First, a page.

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New Memoir Talks About Drug Addiction and Non-judgment

Nile Rodgers is not a household name, but he is the man behind a number of musical acts and performance groups that are some of the most well-known in American culture and around the world. A prominent producer in the 1970s and 1980s, Rodgers played a big part in creating the pop music that dominates the airwaves today. Working with acts including Diana Ross, David Bowie, Madonna, Grace Jones and others, Rodgers has recently written a memoir called Le Freak: An Upside Down Story of Family, Disco, and Destiny that talks about his experiences with these stars – and with drug addiction.

At 59 years old, Rodgers is a survivor of both cancer and drug addiction. He has been clean and sober for more than 17 years now and though he has no thought of relapse and fully admits that addiction takes and destroys lives, he also says that he would never tell another person not to abuse drugs.

Says Rodgers: “It’s hard for me because I’m not judgmental of other people when it comes to drugs, because to be honest with you, I loved it. I didn’t quit because I didn’t love it, I quit because it was killing me and it impaired my ability to do something that I loved even more [producing and playing music]. So I don’t really want to be a hypocrite. I would never tell a person not to do drugs, because people clean it up or they don’t. They [get help] when they’re ready to do it.”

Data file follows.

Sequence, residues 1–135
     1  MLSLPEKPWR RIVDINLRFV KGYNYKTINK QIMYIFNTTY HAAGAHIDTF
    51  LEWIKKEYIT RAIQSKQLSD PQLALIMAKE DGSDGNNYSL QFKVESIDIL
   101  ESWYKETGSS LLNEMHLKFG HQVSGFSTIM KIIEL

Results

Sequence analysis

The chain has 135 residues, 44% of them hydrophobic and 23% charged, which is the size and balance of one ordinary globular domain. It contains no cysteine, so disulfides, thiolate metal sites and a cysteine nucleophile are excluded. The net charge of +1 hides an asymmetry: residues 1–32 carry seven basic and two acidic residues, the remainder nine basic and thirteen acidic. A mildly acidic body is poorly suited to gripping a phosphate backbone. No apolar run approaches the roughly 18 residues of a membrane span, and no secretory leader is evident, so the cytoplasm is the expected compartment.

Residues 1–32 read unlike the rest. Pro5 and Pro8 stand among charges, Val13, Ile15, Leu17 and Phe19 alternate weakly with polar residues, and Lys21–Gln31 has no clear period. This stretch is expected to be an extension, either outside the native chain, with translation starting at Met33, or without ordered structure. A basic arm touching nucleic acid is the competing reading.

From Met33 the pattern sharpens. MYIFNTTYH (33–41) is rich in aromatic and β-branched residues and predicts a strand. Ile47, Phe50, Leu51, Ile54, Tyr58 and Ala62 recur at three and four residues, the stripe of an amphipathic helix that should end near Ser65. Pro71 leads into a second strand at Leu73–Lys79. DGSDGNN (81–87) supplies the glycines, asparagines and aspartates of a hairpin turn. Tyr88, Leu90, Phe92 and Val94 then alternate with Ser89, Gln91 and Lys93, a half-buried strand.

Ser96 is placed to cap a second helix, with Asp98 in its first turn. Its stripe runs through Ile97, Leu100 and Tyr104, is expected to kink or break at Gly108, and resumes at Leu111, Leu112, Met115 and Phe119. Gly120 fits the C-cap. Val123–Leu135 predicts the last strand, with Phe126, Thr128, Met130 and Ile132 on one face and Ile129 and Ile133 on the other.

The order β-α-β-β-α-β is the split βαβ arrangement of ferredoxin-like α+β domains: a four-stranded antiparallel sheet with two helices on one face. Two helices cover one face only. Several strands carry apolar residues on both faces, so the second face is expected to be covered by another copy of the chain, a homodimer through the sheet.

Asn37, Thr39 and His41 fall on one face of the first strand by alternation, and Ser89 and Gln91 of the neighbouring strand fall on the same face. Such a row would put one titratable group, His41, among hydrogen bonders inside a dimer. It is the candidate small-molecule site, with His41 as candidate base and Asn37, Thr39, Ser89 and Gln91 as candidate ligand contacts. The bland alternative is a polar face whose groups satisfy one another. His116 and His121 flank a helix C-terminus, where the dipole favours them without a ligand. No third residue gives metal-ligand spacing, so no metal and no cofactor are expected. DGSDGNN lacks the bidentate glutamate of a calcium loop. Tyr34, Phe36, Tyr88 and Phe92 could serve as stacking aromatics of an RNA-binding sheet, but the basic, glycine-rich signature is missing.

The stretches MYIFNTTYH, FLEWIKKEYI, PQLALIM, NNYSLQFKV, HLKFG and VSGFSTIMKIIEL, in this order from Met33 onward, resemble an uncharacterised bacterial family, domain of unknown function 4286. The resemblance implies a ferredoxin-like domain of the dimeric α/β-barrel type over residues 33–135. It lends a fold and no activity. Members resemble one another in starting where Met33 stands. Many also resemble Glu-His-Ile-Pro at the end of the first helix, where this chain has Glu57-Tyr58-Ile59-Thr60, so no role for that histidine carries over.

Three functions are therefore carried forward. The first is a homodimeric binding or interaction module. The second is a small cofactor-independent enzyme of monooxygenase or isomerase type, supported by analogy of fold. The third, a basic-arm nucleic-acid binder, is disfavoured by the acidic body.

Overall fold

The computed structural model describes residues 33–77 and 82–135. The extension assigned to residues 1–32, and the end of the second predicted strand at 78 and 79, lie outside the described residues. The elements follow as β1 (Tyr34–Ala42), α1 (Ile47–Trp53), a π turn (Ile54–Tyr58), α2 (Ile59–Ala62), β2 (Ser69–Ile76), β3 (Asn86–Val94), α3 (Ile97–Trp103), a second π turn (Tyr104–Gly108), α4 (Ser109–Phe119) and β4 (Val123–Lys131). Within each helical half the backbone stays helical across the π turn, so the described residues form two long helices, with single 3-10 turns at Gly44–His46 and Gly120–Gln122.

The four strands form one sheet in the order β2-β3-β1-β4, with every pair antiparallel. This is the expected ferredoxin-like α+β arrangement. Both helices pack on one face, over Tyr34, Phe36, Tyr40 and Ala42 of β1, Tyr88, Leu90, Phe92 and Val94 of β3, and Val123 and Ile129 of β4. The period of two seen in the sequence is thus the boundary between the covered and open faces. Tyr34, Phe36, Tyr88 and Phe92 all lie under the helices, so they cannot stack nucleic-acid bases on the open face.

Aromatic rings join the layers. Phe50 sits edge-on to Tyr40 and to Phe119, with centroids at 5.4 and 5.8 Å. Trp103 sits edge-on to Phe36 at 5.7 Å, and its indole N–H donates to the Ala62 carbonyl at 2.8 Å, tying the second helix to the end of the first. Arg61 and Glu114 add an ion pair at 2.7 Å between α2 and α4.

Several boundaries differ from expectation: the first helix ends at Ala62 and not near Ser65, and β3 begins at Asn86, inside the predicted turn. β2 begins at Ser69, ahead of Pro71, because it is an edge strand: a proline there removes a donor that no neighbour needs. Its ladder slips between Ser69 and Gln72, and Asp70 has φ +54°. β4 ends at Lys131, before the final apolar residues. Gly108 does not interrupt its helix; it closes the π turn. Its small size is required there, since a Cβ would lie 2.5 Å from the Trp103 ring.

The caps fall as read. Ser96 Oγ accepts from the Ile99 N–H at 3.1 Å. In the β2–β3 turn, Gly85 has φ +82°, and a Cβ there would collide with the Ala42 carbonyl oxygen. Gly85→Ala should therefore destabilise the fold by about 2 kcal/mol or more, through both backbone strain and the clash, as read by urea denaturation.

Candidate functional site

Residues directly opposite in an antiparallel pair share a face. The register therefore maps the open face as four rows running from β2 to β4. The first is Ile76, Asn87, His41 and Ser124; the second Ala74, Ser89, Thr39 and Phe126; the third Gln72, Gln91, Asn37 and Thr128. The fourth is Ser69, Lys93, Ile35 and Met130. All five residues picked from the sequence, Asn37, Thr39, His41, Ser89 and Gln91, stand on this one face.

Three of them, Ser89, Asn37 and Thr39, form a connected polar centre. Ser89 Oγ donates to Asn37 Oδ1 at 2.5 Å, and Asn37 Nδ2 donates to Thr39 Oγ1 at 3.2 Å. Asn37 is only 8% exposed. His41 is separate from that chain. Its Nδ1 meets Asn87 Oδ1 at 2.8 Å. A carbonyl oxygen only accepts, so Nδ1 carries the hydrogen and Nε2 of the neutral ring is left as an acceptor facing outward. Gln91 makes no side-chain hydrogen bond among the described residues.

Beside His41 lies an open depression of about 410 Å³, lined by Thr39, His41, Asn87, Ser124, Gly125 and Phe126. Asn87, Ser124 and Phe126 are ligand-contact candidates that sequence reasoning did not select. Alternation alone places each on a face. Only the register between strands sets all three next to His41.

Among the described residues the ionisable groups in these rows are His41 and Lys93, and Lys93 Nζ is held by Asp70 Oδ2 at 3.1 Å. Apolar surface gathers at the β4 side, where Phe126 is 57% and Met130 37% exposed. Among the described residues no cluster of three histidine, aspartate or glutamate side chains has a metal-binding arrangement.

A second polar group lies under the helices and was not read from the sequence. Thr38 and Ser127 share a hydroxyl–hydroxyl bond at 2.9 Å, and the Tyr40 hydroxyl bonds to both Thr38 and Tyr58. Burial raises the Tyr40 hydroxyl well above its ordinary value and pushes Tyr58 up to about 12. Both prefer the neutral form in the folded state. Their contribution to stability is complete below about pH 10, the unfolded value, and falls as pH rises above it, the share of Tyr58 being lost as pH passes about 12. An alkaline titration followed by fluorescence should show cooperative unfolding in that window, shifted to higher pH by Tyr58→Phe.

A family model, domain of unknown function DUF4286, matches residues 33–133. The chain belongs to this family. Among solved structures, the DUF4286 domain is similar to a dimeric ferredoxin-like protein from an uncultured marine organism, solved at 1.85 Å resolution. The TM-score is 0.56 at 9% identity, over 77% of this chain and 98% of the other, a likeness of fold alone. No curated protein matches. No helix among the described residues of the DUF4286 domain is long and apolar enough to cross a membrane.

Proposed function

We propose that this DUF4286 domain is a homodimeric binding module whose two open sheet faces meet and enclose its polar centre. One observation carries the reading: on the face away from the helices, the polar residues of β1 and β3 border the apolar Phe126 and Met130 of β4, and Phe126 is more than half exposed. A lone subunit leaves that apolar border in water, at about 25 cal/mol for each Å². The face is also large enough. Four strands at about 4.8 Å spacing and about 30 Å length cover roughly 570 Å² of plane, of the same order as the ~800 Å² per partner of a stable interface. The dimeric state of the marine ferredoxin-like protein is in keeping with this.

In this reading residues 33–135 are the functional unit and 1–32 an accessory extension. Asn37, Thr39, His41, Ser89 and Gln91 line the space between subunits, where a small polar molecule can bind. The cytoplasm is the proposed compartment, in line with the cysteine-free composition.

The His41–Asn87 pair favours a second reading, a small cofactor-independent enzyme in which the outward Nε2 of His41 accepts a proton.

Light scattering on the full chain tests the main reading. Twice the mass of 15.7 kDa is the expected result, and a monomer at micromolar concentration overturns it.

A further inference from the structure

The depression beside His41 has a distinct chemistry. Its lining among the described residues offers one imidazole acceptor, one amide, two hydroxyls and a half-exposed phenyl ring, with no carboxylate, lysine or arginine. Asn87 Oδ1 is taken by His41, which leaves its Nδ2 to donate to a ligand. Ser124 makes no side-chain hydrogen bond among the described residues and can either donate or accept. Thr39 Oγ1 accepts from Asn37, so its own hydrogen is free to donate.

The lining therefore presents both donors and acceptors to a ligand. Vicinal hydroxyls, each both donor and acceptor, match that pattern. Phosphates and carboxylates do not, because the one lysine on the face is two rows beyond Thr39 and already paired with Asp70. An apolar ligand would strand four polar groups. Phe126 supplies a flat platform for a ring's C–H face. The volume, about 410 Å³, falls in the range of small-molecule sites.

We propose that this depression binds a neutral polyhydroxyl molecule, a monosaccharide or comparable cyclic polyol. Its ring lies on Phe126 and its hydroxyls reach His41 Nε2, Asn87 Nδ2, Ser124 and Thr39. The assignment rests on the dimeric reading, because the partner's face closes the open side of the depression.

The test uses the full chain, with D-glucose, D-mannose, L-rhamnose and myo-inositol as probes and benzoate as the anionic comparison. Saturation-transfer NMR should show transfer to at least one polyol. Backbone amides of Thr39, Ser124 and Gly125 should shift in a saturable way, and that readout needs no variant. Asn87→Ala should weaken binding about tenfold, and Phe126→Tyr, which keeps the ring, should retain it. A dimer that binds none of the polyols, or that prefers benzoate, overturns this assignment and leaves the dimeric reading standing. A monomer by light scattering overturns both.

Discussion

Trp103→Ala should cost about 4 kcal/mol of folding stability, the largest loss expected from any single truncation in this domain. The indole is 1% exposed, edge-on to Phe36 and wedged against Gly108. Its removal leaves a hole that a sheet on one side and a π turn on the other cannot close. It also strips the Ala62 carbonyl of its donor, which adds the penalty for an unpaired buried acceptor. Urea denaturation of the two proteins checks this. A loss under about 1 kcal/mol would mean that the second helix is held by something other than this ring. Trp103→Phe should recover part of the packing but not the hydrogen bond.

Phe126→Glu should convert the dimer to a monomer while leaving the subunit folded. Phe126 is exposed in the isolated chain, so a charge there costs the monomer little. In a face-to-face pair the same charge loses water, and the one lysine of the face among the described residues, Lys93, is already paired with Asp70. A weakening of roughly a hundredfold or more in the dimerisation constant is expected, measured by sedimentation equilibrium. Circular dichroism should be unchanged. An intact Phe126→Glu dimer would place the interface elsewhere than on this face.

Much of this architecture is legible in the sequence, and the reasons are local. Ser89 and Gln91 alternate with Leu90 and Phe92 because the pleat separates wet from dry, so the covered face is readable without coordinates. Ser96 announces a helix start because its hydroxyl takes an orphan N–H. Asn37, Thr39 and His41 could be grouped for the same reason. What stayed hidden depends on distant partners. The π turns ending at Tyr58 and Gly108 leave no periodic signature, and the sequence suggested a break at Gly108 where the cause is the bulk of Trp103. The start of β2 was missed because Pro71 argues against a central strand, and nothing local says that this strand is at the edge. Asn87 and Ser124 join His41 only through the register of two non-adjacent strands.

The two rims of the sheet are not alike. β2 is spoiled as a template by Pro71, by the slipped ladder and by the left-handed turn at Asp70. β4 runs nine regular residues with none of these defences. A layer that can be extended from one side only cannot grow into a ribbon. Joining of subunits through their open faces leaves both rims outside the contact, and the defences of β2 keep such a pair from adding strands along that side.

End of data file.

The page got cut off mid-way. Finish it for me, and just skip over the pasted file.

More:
Even close friends who are clearly struggling with drug addiction – friends like Sly Stone – do not make Rodgers feel that there is any need to intervene.

Rodgers says: “When I look at Sly, I just see the great musical genius that I absolutely love and adore. And the fact that he has chosen this path near the end of his life, and unfortunately he’s been in this situation for a long time. I can’t tell you how many times I’ve seen him and hung out with him and wanted to play, and unfortunately he was unable to do that, but he chose that. And I got to respect the fact that. That’s his life.”

What do you think? Is it important to take a stand and voice your concerns when you see someone you care about dying of drug addiction and/ or alcoholism? Is it your responsibility to step in or is it better to provide the addict or alcoholic with ongoing – if somewhat distanced – friendship? Leave us a comment and let us know your opinion.

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